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BRICS IBSA ­Africa relations

Paper for the international workshop on South­ South Cooperation and new forms of Southern Multilateralism; BRICS/IBSA­Africa relations: Turning threats to opportunity. Uppsala 13­14 June 2011.

BRIC­Africa cooperation in the multilateral system

IBSA – BRICS: rivals or allies

This paper represents an effort to look at different levels of cooperation and through that focus tries to make a conclusion of the compatibility of IBSA and BRICS on a current world arena.

There were concerns about BRICS overshadowing IBSA expressed when South Africa was joining BRIC powerhouse. Although there are evident overlapping, in the core issues that IBSA is dealing with and BRICS are aiming to cope there is no conflict of interests. BRICS focuses on economy but it is slowly moving towards other areas. However, IBSA is based on democratic values and other similar causes which are common to the three countries and “has a personality of its own”.

Thus, it seems as IBSA can remain to be an instrumental and practical mechanism of the three countries of the three different continents sharing their interests and intertwining their economical cooperation to pull up the interests of the South. When BRICS’s main role seems to become a counterbalance of the power axis on the world scene with a broader economical and political goals. IBSA is a more appropriate platform for South Africa and the region than BRICS. It is a more substantive partnership with a real focus on each other. The question now, of course, will be whether BRICS are IBSA’s rivals or allies.

What is IBSA?

«Dialogue Forum India, Brazil, South Africa» (IBSA) has arisen as a result of negotiations between the leaders of India ‐ Atal Bihari Vajpayee, Brazil ‐ Luiz Inacio Lula da Silva and South Africa ‐ Thabo Mbeki during a summit «Great Eight» in 2003 in Evian. Officially, the establishment of a «Dialogue Forum India, Brazil, South Africa» was announced on June 6, 2003, by signing of «Brasilia Declaration» by the Ministers of Foreign Affairs of South Africa, Brazil and India. The Declaration focused on issues of common concern including the reform of the United Nations, threats to security, social equity and inclusion, racial discrimination and gender equality. Thus, IBSA comes from the capitalization of three countries.

The institutional mechanisms of the Forum include consultations at Senior Official (Focal point), Ministerial (Trilateral Joint Commission) and Heads of State and/or Government (Summit) levels. In addition, the Forum also facilitates interaction amongst academics, businessmen and civil society. IBSA keeps an open and flexible structure. It does not have a branch nor a permanent executive secretariat nor a formal document promulgating its organizational structure. The last Summit was held in Brasilia on the 15th of April 2010. Seven meetings of Trilateral Joint Commission and several meetings of the 16 Joint Working Groups have been held.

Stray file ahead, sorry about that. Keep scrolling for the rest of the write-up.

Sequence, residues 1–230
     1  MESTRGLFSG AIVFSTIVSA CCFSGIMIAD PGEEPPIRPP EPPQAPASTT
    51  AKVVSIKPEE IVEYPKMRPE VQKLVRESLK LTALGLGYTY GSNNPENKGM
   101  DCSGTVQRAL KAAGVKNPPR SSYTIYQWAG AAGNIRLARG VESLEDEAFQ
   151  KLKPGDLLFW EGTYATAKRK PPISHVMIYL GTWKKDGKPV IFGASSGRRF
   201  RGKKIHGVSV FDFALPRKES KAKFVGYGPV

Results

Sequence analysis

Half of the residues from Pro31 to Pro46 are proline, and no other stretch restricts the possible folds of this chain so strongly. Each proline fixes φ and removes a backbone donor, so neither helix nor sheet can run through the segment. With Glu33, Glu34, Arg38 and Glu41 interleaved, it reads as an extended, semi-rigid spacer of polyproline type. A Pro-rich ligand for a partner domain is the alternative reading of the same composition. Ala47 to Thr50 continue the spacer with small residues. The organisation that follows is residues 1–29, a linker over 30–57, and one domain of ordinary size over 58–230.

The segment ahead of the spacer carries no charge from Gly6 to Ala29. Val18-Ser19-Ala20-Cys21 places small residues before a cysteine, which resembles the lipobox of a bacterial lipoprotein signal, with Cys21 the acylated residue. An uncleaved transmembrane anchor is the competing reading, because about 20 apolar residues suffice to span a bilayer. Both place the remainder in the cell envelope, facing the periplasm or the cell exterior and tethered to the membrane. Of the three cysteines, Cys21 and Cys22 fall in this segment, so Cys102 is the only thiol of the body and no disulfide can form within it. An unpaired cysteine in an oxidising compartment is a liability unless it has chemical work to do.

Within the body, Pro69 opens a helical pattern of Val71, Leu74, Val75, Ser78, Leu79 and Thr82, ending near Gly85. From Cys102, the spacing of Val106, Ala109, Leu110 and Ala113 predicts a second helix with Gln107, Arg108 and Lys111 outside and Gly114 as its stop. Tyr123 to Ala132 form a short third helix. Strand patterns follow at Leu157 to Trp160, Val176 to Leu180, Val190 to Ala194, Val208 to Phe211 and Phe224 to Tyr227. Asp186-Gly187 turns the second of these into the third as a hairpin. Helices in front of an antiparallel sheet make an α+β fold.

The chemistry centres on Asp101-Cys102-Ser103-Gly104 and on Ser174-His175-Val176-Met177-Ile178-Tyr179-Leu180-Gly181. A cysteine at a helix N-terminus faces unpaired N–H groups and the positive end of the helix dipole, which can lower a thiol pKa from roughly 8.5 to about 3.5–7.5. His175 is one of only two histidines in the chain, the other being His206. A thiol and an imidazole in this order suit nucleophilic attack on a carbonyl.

IBSA countries have an important geostrategic position, each on different continent. All three have ambitions of playing a leading role in their respective regions, as well as an important role in global affairs.

The main objectives are: the promotion of the «South‐South» dialogue, cooperation and elaboration of joint positions on significant matters of international relations, the development of investment and trade between the three regions; trilateral exchange of information, technology and expertise, joint support and development of the competitiveness of the participating countries; cooperation in agriculture, global climate change, culture, defense, education, energy, healthcare, information technology, science and technology, social development, trade and investment, tourism and transport.

IBSA supports the activities and the role of UN in the world. IBSA’s member states have quite a coherent policy in its activities in the organization. All three are supporting the international system in resolving the challenges of a globalizing world, in particular regarding the UN role in maintaining security and stability in the world, sustainable development. IBSA countries follow the «Millennium Development Goals», and actively develop joint positions in order to achieve its goals in the international arena.

IBSA’s one of the main priorities in a political sphere is the reform of UN Security Council. Each of the Member States wants to take a permanent seat in the UN Security Council for its region. IBSA believes that the UN Security Council does not meet the modern realities of international politics and supports the view of South Africa, expansion of the Security Council members in both permanent and non‐permanent members. In doing so, in their